February 27th, 2009



  • 08:26 I saw a church sign that said, "You can't slide uphill." But I thought all things were possible with God! #
  • 11:14 @NowIsStrange doesn't like it when I put the toilet lid down. Is that typical? #
  • 11:56 tinyurl.com/cqqdfx Health food obsessions can be bad for kids. Well, duh! #
  • 12:51 @themall Well, she wants me to put the SEAT down, just not the lid. #
  • 13:46 I got the final issue of Oziana in the mail today. #
  • 14:37 Submarines are not monkeys! They are human beings! #
  • 20:35 @miscellaneaarts My dad got a game called "Battle for Italy" one Christmas, and thought it was so complicated that he never played it. #
  • 21:47 Why would there be monsters in the tower to Heaven (sorry, Zenithia)? #
  • 21:49 @gick7 You could brush your teeth with milkshakes! #
  • 21:54 @colinmeloy Yeah, Sam Adams should stick to the beer. #
  • 21:55 Hey, it's the Zenith Dragon! And he looks pretty cool on the DS. #
  • 23:07 @NowIsStrange is singing some song by the Dream. #
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The Great Sundering of Oziana

I now hold in my hand the thirty-seventh and final (at least according to the advertisements) issue of Oziana, the International Wizard of Oz Club's sorta-annual fiction magazine. It's sad to see it ending, as Oziana has brought so many excellent stories in the past thirty-odd years. In various issues, we learned about the origins of the Red Jinn, the back story of the tailor who made the Wogglebug's first outfit, the further misadventures of Mrs. Yoop, a resolution for Kiki Aru, and an account of how there came to be a considerate Kalidah in Oz. Not to mention that it's the only professional publication to have included one of my own stories. So why is it ending? Well, apparently it has something to do with the inner politics of the Club, which I hear are quite complex and divisive, even though most of us dues-paying members aren't privy to them. Come on, can't they rule in a kind and altruistic way like Ozma? Then again, Ozma DID try to have Dorothy's kitten executed. It would have been more appropriate for them to have cranked out ten more issues, since there are some strong suggestions that forty-seven was L. Frank Baum's favorite number, but what are you going to do?

Anyway, this issue contains three stories. The first is Jeff Rester's "As the Rainbow Follows the Rain," which explores Polychrome's family tree. It ties in the Greek and Norse mythological conceptions of the rainbow, and mixing classical mythology into Oz is something that I've been thinking about recently, what with my writing a review of the new edition of Lurline and the White Ravens of Oz. I know some people strongly object to the idea, and I can see where they're coming from, since Baum preferred to create his own mythology for his fantasy world. Even when he included a more traditional character, like Santa Claus, he'd add his own spin. On the other hand, I've seen Oz crossed over with Red Dwarf and Daria, and I hear there's a Perry Mason crossover as well. Compared to these, appearances by Zeus, Iris, and Eris seem pretty normal. The second story, "The Magic Door to Oz," had previously appeared in March Laumer's compilation In Other Lands Than Oz, but this version cuts out the names of Tumnus and the Pushmi-Pullyu, probably for copyright reasons. The plot involves the author of the story enlisting the help of the Glass Cat and the Wizard of Oz to save his favorite children's book characters from the Witchéd Wick. The third is a story by Sergei Sukhinov, and that requires a little explaining. In the late thirties, Russian author Alexander Volkov came up with his own loose translation of The Wizard of Oz, with a few of his own new ideas added in. He followed this up with a few sequels, which used some of Baum's ideas, but were basically original plots. Sukhinov's own Oz (or, more accurately, Magic Land; I don't believe the word "Oz" appears in the Russian books) books use some of Volkov's ideas, but take off in a different direction, so they're sort of twice removed from the originals. I haven't read any of Volkov's or Sukhinov's books, but I've heard some things about them, and I suppose they'd count as alternate Oz tales. It's weird, but kind of cool, to see the familiar characters in similar but different situations. Sukhinov's Wicked Witch of the East had apparently tried to marry the King of France at one point. The particular story in question, "Bastinda and the Winged Lion," is about the last surviving griffin in Magic Land fighting off the Wicked Witch of the West and her forces. As usual, they're all worth reading. The cover of the issue was drawn by kevenn, and involves several of the characters in the stories taking part in a battle above the Emerald City. It's really nice work.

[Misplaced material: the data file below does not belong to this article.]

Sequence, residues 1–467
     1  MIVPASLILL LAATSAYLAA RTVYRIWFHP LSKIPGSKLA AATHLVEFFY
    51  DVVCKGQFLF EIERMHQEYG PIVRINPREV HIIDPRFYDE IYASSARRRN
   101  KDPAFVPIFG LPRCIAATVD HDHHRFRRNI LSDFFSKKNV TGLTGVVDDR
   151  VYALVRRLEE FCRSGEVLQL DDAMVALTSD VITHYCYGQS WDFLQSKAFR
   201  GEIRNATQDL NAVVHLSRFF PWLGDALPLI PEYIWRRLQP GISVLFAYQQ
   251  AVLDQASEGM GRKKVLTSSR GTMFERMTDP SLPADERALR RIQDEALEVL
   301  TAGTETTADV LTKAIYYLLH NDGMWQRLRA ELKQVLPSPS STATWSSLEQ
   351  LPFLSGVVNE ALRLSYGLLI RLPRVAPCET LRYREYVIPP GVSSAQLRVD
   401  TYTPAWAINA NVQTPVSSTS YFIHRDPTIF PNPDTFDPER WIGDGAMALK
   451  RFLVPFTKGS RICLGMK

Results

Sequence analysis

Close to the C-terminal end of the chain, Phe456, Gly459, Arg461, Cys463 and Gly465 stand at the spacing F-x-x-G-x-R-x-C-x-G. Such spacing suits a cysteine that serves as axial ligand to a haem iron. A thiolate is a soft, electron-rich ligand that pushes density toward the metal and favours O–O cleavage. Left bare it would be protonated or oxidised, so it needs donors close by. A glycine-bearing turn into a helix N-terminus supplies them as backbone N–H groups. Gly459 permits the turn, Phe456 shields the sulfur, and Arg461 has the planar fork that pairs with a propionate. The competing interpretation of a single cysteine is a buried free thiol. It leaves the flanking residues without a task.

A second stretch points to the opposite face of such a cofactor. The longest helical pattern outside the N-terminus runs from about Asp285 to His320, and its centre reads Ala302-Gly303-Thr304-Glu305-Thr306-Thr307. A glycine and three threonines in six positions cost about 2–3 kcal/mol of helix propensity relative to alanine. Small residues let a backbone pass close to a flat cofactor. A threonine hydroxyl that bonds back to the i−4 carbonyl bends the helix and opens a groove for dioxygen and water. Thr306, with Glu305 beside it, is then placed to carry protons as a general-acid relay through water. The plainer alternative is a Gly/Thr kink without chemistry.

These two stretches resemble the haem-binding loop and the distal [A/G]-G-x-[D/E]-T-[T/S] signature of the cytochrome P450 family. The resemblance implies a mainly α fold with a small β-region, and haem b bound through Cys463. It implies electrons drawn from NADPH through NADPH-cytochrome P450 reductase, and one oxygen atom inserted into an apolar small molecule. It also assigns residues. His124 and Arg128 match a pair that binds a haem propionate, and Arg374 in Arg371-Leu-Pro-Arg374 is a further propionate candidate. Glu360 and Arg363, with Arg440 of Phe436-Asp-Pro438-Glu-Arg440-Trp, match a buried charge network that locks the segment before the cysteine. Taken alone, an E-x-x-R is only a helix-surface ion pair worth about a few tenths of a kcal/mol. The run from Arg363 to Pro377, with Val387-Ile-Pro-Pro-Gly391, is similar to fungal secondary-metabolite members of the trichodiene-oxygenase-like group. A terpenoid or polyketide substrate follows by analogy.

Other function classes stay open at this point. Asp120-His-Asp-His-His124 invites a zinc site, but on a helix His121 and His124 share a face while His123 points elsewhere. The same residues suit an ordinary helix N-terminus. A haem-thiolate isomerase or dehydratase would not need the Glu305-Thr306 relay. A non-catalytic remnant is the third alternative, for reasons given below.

Speaking of Oz, I'm also in the process of re-reading Laumer's The Careless Kangaroo of Oz (which I reviewed back in 2006) for the upcoming discussion on the Regalia mailing list. If anyone has read, or is interested in reading this book (it's free to download the PDF, so there's really no excuse if you ARE interested), feel free to join in the discussion. They've been pretty slow as of late.
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